There are 51 Shakthi peetas. However other than the 51 Shakti peetas, there are 18 Shakthi peetas also referred to as Ashtadasha Shakthi peetas. There is a reference about these Ashtadasha Shakti peetas in a shlok composed by Sri Adi Sankaracharya which is as follows:
Lankayam shankaridevi,kamakshi kanchikapure /
Pradyumne shrinkhaladevi , chamunda kraunchapattane //
Alampure jogulamba , shrishaile bhramarambika /
Kolhapure mahalakshmi , mahurye ekavirika //
Ujjayinyam mahakali , pithikayam puruhutika /
Odhyane girijadevi , manikya dakshavatike //
Harikshetre kamarupi , prayage madhaveshvari /
Jvalayam vaishnavidevi , gaya mangalyagaurika //
Varanashyam vishalakshi , kashmire tu sarasvati /
Ashtadasha shaktipithani , yoginamapi durlabham //
Sayankale pathennityam , sarvashatrivinashanam /
Sarvarogaharam divyam , sarvasampatkaram shubham //
Part of the body fallen
Name of Shakti
|1||Trincomalee (Srilanka)||Groin||Shankari devi|
|2||Kanchi- (Tamil Nadu)||Back part||Kamakshi Devi|
|3||Pandau (West Bengal)||Stomach||Srigala Devi|
|4||Mysore (Karnataka)||Hair||Chamundeshwari devi|
|5||Alampur (Andhra Pradesh)||Upper teeth||Jogulamba devi (Yogamba devi)|
|6||Shrishilam (Andhra Pradesh)||Neck part||Bhramaramba devi|
|7||Kolhapur (Maharastra)||Eyes||Mahalakshmi Devi|
|8||Mahur (Nanded District, Maharastrai||Right hand||Ekaveerika Devi|
|9||Ujjain (Madhya Pradesh)||Upper lip||Mahakali devi|
|10||Pithapuram (Andhra Pradesh)||Left hand||Puruhutika devi|
|11||Jajpur (Odisha)||Navel||Biraja Devi|
|12||Draksharamam(Andhra Pradesh)||Left cheek||Manikyamba devi|
|13||Guwahati (Assam)||Vulva||Kamarupa devi|
|14||Prayag (Uttar Pradesh)||Fingers||Madhaveswari devi|
|15||Kangra – Jwalamukhi (Himachala Pradesh)||Tongue||Vaishnavi devi|
|16||Gaya (Bihar)||Breast part||Sarvamangala devi|
|17||Varanasi (Uttar Pradesh)||Wrist||Vishalakshi devi|
|18||Sharada Peeta (Kashmir)||Right hand||Saraswathi Devi|
Jogulamba Devi temple at Alampur, Andhra Pradesh is the 5th Shakthi peeta among the 18 Maha Shakthi Peetas. Here Sati is worshipped as Jogulamba Devi or Yogamba Devi and Lord Shiva as Bala Brahmeswara Swamy. Oordhav Danta Panki (upper jaw with tooth) of Sati fell here. Jogulamba is derived from the word “Joginula Amma” meaning – Mother of Joginis/Yoginis. Here Jogini/Yogini refers to a lady, who has given up all material pleasures. Yoginialso means a dancer, whose life is dedicated to God.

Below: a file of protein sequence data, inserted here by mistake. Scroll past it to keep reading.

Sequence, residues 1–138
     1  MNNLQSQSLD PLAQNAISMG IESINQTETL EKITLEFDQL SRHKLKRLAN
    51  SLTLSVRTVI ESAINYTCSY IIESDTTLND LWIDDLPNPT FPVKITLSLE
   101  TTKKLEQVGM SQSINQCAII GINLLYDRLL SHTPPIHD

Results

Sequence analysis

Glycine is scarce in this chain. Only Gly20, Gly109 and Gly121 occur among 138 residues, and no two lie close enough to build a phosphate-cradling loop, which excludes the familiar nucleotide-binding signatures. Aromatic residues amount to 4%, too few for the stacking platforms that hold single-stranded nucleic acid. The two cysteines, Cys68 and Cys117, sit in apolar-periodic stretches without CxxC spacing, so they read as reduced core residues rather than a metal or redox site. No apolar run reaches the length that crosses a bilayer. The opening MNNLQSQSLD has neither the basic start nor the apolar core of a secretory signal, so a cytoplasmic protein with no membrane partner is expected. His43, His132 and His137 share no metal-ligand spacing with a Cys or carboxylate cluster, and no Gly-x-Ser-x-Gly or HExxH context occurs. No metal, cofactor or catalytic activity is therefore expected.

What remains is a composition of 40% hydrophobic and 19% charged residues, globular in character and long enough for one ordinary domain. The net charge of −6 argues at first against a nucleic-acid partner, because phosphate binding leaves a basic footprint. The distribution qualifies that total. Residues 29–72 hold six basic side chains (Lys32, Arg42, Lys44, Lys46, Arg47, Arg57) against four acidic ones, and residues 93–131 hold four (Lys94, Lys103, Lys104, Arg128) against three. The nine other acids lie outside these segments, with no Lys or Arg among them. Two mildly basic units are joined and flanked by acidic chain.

Location and other places of interest
Alampur, is about 90 kms from Mahbubnagar district in Andhra Pradesh. It is about 200 kms from Hyderabad. Alampur is situated on the left bank of Tungabhadra River.
Alampur railway station is about 8 kms from the town. Only few trains connecting Hyderabad- Kurnool stop at the Alampur railway station called as “BBS Jogulamba Halt”. The nearest railway station is at Kurnool, 27 kms where all trains halt here. Alternatively private taxis can be hired from Kurnool to reach the temple.
There are Navabrahma Temples* known for their architecture marvel built by Badami Chalukya rulers.
* Chalukya King Pulakesi II, in association with a great saint, Rasa Siddha(he would convert base metal into gold) built a chain of temples called ‘NavaBrahmas’ in 6th– 7th century. It is said that there
is a secret tunnel from the garbhalaya of BalaBrahma temple leading to Srisailam. According to the legend, the 9 names of Siva given to the NavaBhrama temples are the names of medicinal herbs put forth by Rasa Siddha.
The Navabrahma temples are: Taraka Brahma, Swarga Brahma, Padma Brahma, Bala Brahma, Garuda Brahma, Kumara Brahma, Arka Brahma, Veera Brahma and Vishwa Brahma. All the temples are located on the banks of River Tungabhadra enclosed in a courtyard.
“Siddha Rasarnavam”, a tantric work on Alchemy prescribes certain methods of Upasana in Jogulamba Temple. It is said that if the upasana is done as per the prescribed Tantra, Mercury oozes from the Linga of Bala Brahma, Navel of Ganapati, Thighs of Subramanya and Mouth of Mother Jogulamba. The Mercury thus got is used for converting into Gold by using the medicinal herbs. The principal temple of worship is Bala Brahmeswar. The temple dates back to 702 CE, as per the inscriptions available. Inside the temple is a huge Nandi and two set of Padmas believed to be of Lord Shiva and Sati. There are other images of Jogulamba, Durga, Narasimha and the Rishis. In the courtyard are images of Mukhalinga, Sahasralinga and Mahishasuramardini. The most important image is the mother goddess in the small temple.
- The Taraka Brahma temple has no idol/ image in the sanctum and is partly in ruins. It has inscriptions in Telugu dating back to 6th– 7th Century CE.
- The Swarga Brahma temple was built during 681- 696 AD by Lokaditya Ela Arasa in honour of queen of Vinayaditya. This temple is considered as an example of fine Chalukyan architecture and sculpture. It has an imposing tower (Rekhanagar Vimana) considered to be the finest in Alampur.
- Padma Brahma contains a Shiv linga with a fine mirror like finish. The temple is partly in ruins.
- Vishwa Brahma is the most artistic temple of Navabrahma Temples. The temple depicts scenes from epics.
- Arka Brahma: The temple is in ruins.
The other temples in the courtyard are the Suryanarayana temple dating back to 9th Century and Narashimha temple with inscriptions from the period of Krishnadevaraya of Vijayanagar Empire.
There is also a museum managed and maintained by the Archaeological department in the temple premises.
Alampur is referred to as Dakshina Kashi. It is also known as Navabrahmeswara Teerth, as there are nine temples dedicated to Lord Shiva. Alampur is known as the Western Gateway of Srisilam, as the holy place-Srisailam lies at the western end of Alampur (Siddhavattam, Tripurantakam and Umamaheswaram are called southern, eastern and northern gateways of Srisailam respectively). Alampur is also known as Sangama Kshetra as it is the meeting point of River Tungabhadra and River Krishna. It is surrounded by Nallmallai hills.